Self-regulation in Swiss financial market law

Self-regulation has traditionally held a key role in Swiss financial market law. It forms the interface between private, autonomous regulation and state law. FINMA distinguishes between three types of self-regulation: voluntary self-regulation, self-regulation recognised as a minimum standard and compulsory self-regulation.

Self-regulation involves private organisations setting rules autonomously or in cooperation with the state. It constitutes a means of reconciling the frequently diverging interests of the organisations in question and those of the state. Self-regulatory regimes exist in the following segments of Swiss financial market legislation:

Types of self-regulation

The different types of self-regulation

FINMA distinguishes between three types of self-regulation:

  • voluntary self-regulation on a private, autonomous basis without state involvement
  • self-regulation recognised as a minimum standard
  • compulsory self-regulation.

The state plays a role in the latter two types, which are therefore also referred to as co-regulation; both come under FINMA’s supervisory remit.

Types of  self-regulation in Swiss financial market legislation

FINMA’s remit and role in self-regulation

The Financial Market Supervision Act (FINMASA) expressly anchors self-regulation in the law (Art. 7 para. 3 FINMASA). FINMA thus supports self-regulation and allows it sufficient scope where this is deemed to be appropriate.

Recognition as a minimum standard

Article 7 para. 3 FINMASA allows FINMA to recognise self-regulation as a minimum standard. These standards then apply not only to members of the self-regulatory organisation (SRO), but also to all other organisations in the sector. Compliance with recognised minimum standards is enforced by FINMA or the SROs. FINMA Circular 2008/10 “Self-regulation as a minimum Standard”  lists the currently recognised self-regulatory regimes in its annex.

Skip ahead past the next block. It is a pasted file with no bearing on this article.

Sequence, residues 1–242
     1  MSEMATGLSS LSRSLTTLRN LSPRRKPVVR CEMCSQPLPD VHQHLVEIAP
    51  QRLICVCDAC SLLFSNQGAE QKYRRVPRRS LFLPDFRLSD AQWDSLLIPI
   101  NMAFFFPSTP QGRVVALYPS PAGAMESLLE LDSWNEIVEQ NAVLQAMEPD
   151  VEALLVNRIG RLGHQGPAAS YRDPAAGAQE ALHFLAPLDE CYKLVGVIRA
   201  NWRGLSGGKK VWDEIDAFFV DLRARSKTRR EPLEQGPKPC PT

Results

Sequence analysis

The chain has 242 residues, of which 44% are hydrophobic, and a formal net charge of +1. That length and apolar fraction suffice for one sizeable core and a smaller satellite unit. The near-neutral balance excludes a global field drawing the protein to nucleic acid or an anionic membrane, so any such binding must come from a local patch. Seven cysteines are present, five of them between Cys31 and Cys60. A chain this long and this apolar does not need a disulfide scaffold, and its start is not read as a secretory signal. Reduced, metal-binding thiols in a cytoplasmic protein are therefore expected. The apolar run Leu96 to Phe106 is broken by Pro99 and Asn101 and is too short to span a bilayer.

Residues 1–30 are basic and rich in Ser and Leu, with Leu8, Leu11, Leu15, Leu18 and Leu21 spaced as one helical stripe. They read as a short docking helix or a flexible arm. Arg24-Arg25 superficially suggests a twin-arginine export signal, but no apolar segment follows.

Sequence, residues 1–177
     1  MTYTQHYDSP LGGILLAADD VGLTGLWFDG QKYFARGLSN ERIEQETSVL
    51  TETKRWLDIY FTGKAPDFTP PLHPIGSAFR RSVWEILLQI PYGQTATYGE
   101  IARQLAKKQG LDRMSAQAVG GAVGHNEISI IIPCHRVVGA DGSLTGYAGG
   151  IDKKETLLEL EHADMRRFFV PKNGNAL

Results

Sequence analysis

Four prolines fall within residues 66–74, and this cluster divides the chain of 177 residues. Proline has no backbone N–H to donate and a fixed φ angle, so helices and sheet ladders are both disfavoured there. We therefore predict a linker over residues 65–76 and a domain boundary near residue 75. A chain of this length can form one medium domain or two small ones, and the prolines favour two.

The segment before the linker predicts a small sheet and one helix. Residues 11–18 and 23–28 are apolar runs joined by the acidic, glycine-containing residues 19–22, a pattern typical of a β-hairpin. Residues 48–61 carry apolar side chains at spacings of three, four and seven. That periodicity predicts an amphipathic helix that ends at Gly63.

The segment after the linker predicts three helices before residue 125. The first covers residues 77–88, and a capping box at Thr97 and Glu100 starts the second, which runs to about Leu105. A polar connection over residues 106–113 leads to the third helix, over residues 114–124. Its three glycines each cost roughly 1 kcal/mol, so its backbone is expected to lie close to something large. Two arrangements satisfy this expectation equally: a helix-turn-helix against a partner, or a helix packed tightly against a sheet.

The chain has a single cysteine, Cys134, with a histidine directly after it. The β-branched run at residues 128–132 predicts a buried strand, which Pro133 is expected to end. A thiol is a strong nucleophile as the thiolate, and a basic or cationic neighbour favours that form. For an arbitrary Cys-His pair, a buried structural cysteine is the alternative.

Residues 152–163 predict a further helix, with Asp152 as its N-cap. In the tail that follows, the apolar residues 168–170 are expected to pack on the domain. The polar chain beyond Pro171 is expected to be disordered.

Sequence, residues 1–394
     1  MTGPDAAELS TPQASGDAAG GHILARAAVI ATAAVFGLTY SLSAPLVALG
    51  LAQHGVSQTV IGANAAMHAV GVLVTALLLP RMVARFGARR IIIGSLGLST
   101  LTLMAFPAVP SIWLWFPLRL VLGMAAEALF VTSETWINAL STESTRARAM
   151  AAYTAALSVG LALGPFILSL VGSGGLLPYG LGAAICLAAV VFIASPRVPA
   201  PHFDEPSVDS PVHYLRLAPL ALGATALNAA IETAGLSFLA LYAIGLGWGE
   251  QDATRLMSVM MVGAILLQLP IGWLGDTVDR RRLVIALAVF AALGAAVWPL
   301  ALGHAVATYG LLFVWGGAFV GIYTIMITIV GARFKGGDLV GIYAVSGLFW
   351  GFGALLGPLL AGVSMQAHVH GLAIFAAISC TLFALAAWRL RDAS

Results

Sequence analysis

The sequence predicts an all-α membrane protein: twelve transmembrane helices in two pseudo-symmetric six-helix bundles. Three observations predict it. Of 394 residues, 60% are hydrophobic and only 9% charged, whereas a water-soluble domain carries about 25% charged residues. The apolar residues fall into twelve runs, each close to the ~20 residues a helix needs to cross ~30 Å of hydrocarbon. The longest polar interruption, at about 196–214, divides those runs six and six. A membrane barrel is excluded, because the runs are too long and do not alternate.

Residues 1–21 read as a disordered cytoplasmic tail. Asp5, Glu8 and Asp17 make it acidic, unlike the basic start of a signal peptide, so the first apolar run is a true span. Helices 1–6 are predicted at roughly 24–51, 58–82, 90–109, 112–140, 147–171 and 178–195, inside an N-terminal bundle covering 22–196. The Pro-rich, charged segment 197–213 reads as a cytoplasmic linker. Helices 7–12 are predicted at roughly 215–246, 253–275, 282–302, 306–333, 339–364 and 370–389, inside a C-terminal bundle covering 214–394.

Approval of compulsory self-regulation

The legislator tasks the SROs with compulsory self-regulation on specific issues. Mandates of this type are to be found in the Banking Act (Art. 37h, Securing of deposits), the Stock Exchange Act (Art. 4 para. 1, Appropriate organisation), the Ordinance on Collective Investment Schemes (Art. 4 para. 3 CISO, Requirements for the simplified prospectus for structured products) and the Anti-Money Laundering Act (Art. 25 AMLA, Stipulation of compliance with the duty of due diligence). FINMA’s approval is required for compulsory self-regulation.

Quality and legitimacy of self-regulation

FINMA calls upon the SROs to abide by certain regulatory principles when adopting new rules – especially if these are to be recognised. These principles are set out in the Guidelines on Financial Market Regulation. Self-regulatory rules must be transparent and easy to understand; the views of those affected by a regulation must also be sought.

Recognition by FINMA enhances the legitimacy, effectiveness and credibility of self-regulatory standards. It also ensures that they are viewed both in Switzerland and abroad as equivalent to state regulation. Stakeholders will also accept rules more readily if they have been drawn up by industry representatives working with FINMA.

Leitlinien zur Finanzmarktregulierung

Updated: 03.07.2013 Size: 0,21  MB
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